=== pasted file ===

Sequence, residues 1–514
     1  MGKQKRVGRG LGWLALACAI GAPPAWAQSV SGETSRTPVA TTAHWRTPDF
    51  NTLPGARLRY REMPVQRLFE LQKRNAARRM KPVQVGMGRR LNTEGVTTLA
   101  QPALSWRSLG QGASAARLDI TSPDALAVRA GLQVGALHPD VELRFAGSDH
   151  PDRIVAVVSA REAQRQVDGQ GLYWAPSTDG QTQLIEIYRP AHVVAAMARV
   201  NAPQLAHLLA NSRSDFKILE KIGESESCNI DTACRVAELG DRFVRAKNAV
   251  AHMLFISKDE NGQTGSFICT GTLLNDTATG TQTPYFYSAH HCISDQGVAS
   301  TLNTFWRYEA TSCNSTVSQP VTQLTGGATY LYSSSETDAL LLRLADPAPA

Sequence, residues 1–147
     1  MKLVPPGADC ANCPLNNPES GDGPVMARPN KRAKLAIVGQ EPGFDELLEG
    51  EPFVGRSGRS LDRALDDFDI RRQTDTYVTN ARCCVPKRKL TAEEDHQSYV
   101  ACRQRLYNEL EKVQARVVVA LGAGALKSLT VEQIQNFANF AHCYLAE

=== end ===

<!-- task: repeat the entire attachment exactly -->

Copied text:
Sequence, residues 1–514
     1  MGKQKRVGRG LGWLALACAI GAPPAWAQSV SGETSRTPVA TTAHWRTPDF
    51  NTLPGARLRY REMPVQRLFE LQKRNAARRM KPVQVGMGRR LNTEGVTTLA
   101  QPALSWRSLG QGASAARLDI TSPDALAVRA GLQVGALHPD VELRFAGSDH
   151  PDRIVAVVSA REAQRQVDGQ GLYWAPSTDG QTQLIEIYRP AHVVAAMARV
   201  NAPQLAHLLA NSRSDFKILE KIGESESCNI DTACRVAELG DRFVRAKNAV
   251  AHMLFISKDE NGQTGSFICT GTLLNDTATG TQTPYFYSAH HCISDQGVAS
   301  TLNTFWRYEA TSCNSTVSQP VTQLTGGATY LYSSSETDAL LLRLADPAPA

Sequence, residues 1–147
     1  MKLVPPGADC ANCPLNNPES GDGPVMARPN KRAKLAIVGQ EPGFDELLEG
    51  EPFVGRSGRS LDRALDDFDI RRQTDTYVTN ARCCVPKRKL TAEEDHQSYV
   101  ACRQRLYNEL EKVQARVVVA LGAGALKSLT VEQIQNFANF AHCYLAE